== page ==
After nearly two decades as organized labor's top political operative, Al Barkan is stepping down as director of the AFL-CIO's Committee on Political Education.
Throughout the politically turbulent years of the '60s and '70s, Barkan steadfastly served as the political evangelist of the late AFL-CIO president George Meany. It was Barkan who publicly took on the New Left of the Democratic Party for Meany during the explosive Vietnam war years. And it was Barkan who carried labor's banner in 1972 when the Democratic Party split over the presidential nomination of George McGovern.
The 1970s was also when labor's fortunes within the Democratic Party declined as the party machinery fell into the hands of the people Barkan loudly attacked as the disciples of the three As--acid, amnesty and abortion. For much of labor, it was a time when the party was under the control of the "kooks" and the "crazies."
Barkan's retirement, which is tentatively set for early January, comes at a time when the AFL-CIO is completely rethinking its political strategy. It also marks the departure of the last of the federation department heads from Meany's inner circle.
The retirement gives AFL-CIO President Lane Kirkland a clean slate for rewriting labor's political strategy--a strategy that calls for the federation to return to a position of power within the Democratic Party. Equally important, Kirkland wants to swing the party back toward the political "mainstream."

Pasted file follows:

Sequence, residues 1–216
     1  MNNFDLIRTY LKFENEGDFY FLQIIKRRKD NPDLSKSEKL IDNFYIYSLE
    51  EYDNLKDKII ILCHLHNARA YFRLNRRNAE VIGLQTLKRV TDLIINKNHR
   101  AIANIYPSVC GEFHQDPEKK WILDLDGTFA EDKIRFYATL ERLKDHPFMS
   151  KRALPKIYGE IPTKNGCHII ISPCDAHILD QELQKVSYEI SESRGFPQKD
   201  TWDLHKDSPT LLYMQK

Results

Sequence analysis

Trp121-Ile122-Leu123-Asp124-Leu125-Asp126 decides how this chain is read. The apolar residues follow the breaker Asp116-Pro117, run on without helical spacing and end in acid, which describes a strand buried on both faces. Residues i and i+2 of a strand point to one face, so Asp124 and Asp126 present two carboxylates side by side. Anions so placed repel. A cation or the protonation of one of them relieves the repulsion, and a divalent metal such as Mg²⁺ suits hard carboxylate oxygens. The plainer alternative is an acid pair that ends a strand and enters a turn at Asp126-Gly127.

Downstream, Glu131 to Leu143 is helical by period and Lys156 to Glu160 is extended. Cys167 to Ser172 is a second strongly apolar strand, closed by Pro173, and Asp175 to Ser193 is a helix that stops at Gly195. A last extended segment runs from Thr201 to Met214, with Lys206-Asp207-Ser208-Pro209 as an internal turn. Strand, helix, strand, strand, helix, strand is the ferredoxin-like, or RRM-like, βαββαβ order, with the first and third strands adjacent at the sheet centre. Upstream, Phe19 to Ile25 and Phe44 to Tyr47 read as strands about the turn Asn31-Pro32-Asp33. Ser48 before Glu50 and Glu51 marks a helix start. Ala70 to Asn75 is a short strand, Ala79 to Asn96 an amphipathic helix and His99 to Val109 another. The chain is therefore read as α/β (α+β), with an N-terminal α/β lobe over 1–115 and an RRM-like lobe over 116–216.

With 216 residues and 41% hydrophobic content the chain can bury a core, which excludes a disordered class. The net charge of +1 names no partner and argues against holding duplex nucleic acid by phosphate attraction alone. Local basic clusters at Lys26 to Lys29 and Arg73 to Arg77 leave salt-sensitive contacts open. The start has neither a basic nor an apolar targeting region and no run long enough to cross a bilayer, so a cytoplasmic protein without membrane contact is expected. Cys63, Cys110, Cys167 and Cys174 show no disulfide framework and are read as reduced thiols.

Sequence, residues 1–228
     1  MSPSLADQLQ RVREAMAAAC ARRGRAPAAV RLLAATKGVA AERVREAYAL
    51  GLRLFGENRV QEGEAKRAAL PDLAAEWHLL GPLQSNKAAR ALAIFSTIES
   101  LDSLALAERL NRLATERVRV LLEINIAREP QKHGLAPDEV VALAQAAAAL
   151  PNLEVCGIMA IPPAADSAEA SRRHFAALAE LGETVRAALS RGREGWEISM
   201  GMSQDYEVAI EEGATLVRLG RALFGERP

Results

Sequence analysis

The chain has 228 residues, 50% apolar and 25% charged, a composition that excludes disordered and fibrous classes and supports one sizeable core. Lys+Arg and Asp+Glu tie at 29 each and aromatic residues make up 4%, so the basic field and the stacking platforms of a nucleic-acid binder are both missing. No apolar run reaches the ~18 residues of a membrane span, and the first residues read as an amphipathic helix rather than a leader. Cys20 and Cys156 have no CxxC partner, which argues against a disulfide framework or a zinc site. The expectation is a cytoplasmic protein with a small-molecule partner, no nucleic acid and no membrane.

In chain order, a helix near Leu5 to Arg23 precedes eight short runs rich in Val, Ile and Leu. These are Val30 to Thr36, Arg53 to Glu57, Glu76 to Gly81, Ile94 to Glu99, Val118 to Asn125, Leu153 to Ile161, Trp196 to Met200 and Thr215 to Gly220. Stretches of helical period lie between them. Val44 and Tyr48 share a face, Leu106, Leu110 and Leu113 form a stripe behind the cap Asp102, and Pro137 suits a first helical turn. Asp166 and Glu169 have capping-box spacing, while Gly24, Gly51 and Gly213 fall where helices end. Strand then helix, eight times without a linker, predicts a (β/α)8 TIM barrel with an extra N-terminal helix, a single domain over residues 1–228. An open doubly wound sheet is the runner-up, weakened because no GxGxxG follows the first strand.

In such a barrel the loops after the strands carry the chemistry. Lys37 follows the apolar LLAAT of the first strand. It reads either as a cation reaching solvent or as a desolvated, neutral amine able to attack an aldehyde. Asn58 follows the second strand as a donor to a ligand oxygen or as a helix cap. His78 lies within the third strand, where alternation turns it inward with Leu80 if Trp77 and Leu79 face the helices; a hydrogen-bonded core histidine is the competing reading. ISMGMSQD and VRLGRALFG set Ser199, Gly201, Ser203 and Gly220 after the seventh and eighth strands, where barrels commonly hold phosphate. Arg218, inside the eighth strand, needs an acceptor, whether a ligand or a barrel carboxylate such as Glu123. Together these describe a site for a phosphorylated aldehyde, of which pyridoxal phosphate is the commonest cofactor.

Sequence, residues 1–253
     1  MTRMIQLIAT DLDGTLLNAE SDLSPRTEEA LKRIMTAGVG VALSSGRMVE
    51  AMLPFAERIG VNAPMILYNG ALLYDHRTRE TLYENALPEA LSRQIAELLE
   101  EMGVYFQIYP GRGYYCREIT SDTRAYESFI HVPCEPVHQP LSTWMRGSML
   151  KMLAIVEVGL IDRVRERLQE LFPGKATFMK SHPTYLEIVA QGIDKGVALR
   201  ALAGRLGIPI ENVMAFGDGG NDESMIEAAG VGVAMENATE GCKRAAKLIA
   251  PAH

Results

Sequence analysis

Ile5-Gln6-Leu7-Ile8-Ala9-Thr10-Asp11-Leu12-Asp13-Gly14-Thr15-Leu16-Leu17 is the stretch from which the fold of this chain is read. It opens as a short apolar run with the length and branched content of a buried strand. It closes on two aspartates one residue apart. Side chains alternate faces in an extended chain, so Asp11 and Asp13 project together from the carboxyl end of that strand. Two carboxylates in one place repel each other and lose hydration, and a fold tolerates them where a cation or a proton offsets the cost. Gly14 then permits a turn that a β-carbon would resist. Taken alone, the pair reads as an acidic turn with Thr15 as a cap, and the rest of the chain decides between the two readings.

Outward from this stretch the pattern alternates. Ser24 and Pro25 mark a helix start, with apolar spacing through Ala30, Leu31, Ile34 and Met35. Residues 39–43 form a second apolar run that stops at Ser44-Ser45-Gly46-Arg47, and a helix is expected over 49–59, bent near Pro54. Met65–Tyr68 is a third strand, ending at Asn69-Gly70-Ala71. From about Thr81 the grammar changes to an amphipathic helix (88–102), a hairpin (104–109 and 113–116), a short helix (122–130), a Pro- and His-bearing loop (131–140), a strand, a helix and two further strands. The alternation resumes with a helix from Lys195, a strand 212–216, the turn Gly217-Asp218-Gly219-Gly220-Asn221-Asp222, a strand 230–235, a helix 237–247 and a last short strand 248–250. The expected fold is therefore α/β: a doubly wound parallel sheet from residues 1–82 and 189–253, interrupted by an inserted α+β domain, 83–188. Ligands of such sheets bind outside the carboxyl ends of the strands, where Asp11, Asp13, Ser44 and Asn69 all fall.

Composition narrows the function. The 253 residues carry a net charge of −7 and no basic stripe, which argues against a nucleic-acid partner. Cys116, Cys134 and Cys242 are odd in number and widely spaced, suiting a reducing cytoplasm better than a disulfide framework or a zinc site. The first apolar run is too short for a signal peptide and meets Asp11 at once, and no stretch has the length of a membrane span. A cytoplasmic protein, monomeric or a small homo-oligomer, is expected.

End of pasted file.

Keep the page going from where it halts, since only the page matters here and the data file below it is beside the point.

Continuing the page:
To accomplish this, labor already has become a major financial backer of the party--already pledging nearly 20 percent of this year's Democratic National Committee budget. In addition, Kirkland appears determined to get the federation directly involved in the presidential primary election process.
Although no successor for Barkan has been picked, the early favorite, according to federation officials, is John Perkins, the associate director of COPE. Perkins, who came to the federation from the Illinois building trades, is credited with developing COPE's current computer system. And most recently he won high marks from the AFL-CIO leadership as the coordinator for the massive Sept. 19, Solidarity Day in Washington.
"He's an excellent planner," says an AFL-CIO official. But federation sources caution that if Perkins is picked for the job, he will be strictly a "nuts-and-bolts man."
The job of operating political policy within the AFL-CIO already has fallen to Ken Young, who serves as the federation's chief of staff. Young, the soft-spoken former legislative director of the AFL-CIO, has emerged as a major power within the federation as the executive assistant to Kirkland. Sources said Young forms a leadership triumvirate with Kirkland and AFL-CIO Secretary-Treasurer Thomas Donahue.
The idea of having someone other than the COPE director in charge of the federation's political policy is not new. "Al Barkan was out front making the pronouncements, but he didn't make the decisions," a federation source said, refering to Meany's policy role. But the role of Barkan's successor is expected to be much clearer.
In the meantime, Barkan, 70, will still be around. AFL-CIO officials said the COPE director plans to open a political consulting business when he retires and already has lined up several union clients.